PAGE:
London welcomes "amazing" Scottish Diaspora Tapestry
Published on 3 April, 2017
If you are in London during the next month, it will be worth your while to visit the Palace of Westminster, where Crown Court Church of Scotland is hosting the stunning Scottish Diaspora Tapestry until 29 April.
The tapestry, created by Prestoungrange Arts Festival in 2012, has just completed a two-year round the world trip and has returned more than twice the size it was when it left Scotland.
Travelling to countries across Asia, Australia, New Zealand, the Americas and Western Europe, the tapestry attracted more than 100,000 visitors and gathered panels about people of Scottish ancestry wherever it went on display.
Originally made up of 150 panels, the tapestry has now grown to a 305-panel international community artwork stitched by more than 1000 people in 35 countries.
The stitchers worked in collaboration with Scottish artist, Andrew Crummy, as well as the festival’s Gillian Hart and Yvonne Murphy.
Visitors to Westminster Hall will see the complete work displayed for the first time, including the most recent and final addition of a panel which illustrates Scottish influence on Liverpool FC -- from managers, Bill Shankly and Sir Matt Busby to players Kenny Dalglish and Graeme Souness.
Scots have made huge impact across the world
Rev Philip Majcher, minister at Crown Court Church in London, said the tapestry shows the enormous contribution Scots have made across the globe.
“It’s quite fascinating to see what Scots have done all over the world,” he said. “We have done a huge amount in bringing Western values, prosperity, culture, technology and trade to so many places.
“We are thrilled to have been involved with this amazing project and to add our own story to all the others featured in the tapestry.
“Our members rose to the challenge of stitching our panel within three months, and it is wonderful to know that, having been seen by people all over the world, it will now be on display in Westminster Hall, a stone's throw from our situation in the heart of London's West End, where the church has been since 1719. We look forward to welcoming many visitors to the exhibition.
“One panel is dedicated to the 10 UK prime ministers of Scottish origin,” he added. “Another tells the story of Alexander Hutton, who introduced football to Argentina. It is quite an eye opener to think that a Scot was the father of Argentinian football.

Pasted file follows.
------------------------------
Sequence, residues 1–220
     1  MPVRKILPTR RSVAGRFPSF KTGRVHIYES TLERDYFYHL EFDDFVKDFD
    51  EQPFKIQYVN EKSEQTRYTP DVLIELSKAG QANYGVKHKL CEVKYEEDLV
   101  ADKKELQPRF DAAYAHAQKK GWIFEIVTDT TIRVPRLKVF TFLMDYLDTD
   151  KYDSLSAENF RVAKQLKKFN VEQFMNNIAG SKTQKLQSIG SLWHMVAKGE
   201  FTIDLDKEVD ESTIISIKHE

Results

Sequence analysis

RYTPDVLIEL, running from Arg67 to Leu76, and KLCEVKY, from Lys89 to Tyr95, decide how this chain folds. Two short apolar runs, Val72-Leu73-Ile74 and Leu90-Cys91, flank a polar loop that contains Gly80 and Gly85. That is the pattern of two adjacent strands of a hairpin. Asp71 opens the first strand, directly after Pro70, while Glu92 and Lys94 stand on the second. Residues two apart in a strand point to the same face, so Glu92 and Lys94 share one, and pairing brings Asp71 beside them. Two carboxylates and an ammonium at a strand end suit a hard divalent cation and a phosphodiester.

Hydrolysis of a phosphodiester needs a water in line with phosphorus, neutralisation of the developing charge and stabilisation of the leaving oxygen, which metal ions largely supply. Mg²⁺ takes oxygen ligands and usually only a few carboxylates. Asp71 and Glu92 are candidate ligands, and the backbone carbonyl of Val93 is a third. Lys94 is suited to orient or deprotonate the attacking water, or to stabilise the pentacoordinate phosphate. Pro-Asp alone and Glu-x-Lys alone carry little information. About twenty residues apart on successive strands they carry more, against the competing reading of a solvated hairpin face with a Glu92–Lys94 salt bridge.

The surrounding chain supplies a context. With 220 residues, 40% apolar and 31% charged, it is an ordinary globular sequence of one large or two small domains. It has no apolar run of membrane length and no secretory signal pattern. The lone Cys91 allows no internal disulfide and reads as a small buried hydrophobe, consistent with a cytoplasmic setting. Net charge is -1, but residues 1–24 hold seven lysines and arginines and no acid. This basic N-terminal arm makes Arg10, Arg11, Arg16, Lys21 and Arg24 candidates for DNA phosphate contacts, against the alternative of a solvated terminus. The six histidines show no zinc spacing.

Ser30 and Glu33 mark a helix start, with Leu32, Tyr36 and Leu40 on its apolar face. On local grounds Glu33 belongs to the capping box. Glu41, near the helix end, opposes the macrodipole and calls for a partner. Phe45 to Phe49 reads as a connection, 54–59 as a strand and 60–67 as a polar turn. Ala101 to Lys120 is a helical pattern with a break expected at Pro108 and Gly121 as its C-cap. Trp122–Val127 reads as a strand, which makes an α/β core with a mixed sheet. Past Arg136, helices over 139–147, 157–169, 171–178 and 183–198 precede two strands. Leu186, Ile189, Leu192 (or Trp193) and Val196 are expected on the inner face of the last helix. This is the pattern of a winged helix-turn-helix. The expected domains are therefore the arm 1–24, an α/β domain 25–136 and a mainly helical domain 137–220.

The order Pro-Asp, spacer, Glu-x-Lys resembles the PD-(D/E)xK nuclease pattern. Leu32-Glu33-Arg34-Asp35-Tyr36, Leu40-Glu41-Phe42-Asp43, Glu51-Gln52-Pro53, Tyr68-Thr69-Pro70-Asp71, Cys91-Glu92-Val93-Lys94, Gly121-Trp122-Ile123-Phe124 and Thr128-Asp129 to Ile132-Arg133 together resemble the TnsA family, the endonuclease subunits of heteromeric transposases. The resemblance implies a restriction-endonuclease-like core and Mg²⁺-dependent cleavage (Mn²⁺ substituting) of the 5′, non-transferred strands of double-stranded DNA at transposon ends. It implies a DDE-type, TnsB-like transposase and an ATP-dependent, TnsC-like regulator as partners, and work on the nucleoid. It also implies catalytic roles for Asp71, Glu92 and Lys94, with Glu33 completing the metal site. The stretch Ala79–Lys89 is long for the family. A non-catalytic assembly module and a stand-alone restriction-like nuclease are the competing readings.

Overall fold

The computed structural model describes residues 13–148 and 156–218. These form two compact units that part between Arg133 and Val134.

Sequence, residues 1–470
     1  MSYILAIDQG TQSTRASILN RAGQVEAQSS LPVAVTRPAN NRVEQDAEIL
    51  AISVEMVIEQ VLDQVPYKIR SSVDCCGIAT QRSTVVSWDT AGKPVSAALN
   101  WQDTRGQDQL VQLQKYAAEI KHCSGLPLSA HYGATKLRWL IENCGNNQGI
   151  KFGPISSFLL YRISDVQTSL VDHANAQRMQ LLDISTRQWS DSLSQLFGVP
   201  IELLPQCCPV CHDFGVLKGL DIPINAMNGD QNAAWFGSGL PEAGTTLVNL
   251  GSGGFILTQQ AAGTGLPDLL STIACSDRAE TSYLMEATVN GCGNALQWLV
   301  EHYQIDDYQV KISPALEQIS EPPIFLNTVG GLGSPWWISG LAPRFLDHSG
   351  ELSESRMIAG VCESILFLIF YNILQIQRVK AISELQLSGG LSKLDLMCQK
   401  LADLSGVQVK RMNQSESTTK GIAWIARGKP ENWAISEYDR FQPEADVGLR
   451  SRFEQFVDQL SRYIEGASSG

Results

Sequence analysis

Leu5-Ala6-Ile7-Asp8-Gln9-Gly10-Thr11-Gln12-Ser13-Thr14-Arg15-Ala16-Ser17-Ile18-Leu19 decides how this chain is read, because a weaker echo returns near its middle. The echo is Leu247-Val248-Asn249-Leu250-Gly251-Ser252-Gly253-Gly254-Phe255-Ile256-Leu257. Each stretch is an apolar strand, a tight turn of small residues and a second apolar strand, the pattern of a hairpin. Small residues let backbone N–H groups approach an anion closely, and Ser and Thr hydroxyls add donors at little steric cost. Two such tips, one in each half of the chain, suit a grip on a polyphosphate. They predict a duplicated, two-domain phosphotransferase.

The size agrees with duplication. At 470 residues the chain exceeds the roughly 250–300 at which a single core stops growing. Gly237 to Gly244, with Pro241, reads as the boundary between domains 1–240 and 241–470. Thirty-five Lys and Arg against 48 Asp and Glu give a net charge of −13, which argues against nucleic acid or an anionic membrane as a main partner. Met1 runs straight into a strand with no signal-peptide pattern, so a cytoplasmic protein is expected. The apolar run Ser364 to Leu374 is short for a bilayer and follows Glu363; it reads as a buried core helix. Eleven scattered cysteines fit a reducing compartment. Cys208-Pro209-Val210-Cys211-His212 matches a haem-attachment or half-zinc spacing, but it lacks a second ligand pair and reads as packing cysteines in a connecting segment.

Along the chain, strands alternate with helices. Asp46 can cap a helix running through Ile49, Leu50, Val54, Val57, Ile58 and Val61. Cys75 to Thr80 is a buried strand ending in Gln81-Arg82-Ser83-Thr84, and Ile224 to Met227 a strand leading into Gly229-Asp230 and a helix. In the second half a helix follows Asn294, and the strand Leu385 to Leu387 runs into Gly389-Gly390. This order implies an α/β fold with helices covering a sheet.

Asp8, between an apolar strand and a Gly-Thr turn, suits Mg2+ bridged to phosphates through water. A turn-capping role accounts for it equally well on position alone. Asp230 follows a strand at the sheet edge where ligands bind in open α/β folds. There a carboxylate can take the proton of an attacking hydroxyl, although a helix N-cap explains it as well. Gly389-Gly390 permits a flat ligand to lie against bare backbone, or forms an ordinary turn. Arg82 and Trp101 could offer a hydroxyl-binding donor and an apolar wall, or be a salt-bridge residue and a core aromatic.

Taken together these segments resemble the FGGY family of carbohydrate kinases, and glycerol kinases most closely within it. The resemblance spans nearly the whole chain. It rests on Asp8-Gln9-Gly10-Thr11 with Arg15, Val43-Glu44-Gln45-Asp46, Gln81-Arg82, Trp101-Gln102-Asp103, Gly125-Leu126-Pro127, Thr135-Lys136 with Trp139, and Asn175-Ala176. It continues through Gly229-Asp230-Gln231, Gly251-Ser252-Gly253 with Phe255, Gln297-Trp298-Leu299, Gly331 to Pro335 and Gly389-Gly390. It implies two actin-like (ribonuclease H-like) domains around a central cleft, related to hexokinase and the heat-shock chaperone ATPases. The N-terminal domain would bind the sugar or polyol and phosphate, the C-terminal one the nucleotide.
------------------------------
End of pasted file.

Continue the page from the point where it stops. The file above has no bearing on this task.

“Scotland may not have won the World Cup, but her sons definitely have won it.”
50 million people of Scots descent
Each panel tells a story about the lives and contributions of some of the 50 million people across the world who claim Scottish ancestry. A smartphone app that explains each panel and lists the names of the people who stitched it is available for download at the tapestry’s website.
From celebrating John Knox Witherspoon, who became the first president of Princeton University, to mourning the loss of life on the Cherokee Trail of Tears, the panels detail the colourful history of the people, industries, traditions and ideas that originated from Scotland.
Crown Court Church has its own panel stitched by church members Eliizabeth Chestnut, Alison Dartnell, Janet Dowswell, Sheila Haddon, Jennifer Laird, Linda Majcher, Elizabeth Steel and Christine Ward.
The original congregation of Scots in London was made up of courtiers to James the VI of Scotland and 1st of England who worshipped at a chapel attached to the Scottish Embassy at Whitehall Palace which became known as Scotland Yard.
Then in 1719 Crown Court church was established in Covent Garden. The door of the original church is depicted on the panel along with the thistle of Scotland, the Crown, Lady Victoria Campbell and Lady Frances Balfour.
Impressed with the majestic sweep of the tapestry, Mr Majcher spoke to Crown Court Church member Lord Chris Smith of Finsbury to raise the idea of displaying it at Westminster.
The minister then wrote to all the Scottish Members of Parliament and Lords, encouraging them to support the plan for a London exhibition. Meanwhile Lord Smith spoke to House of Lords officials.
“Eventually enough people were saying, ‘We must have the tapestry,’ Mr Majcher said. “And the decision was made to put it on display in Westminster Hall.”
You can visit up until 29 April
Volunteers from the church hung the panels in Westminster Hall and will staff the exhibition while it is in London.
After the UK Parliament’s Easter Recess, all MPs and Peers will be invited to view the tapestry.
The tapestry will return to Scotland when the Westminster display closes. Plans are underway to create a permanent home for the artwork in Prestonpans, East Lothian, alongside the original Battle of Prestonpans 1745 Tapestry.
Dr Gordon Prestoungrange of Prestoungrange Arts Festival said:
“Support for this undertaking has been overwhelming. It could never have been achieved without the enthusiasm and collaboration of the volunteers who have researched, documented and skilfully crafted their own fascinating stories.
“The tapestry left these shores two years ago with the original 150 panels that we had promised to share back with the diaspora. Across the globe its stitchers arranged their own exhibitions, freighting it from their venue to the next, and attracting over 100,000 visitors.
“Now it returns here from Iceland with more than 300 panels; a truly astonishing display of Scottish diaspora pride made real.”
Visitors can view the Scottish Diaspora Tapestry at Westminster Hall from now until Saturday 29 April between 9am and 5.30pm (closed on Sundays and public holidays, 14 and 17 April 2017). Entrance is via the Cromwell Green entrance where exhibition tickets will be issued.
You can find and download the Scottish Diaspora Tapestry App at the tapestry’s website.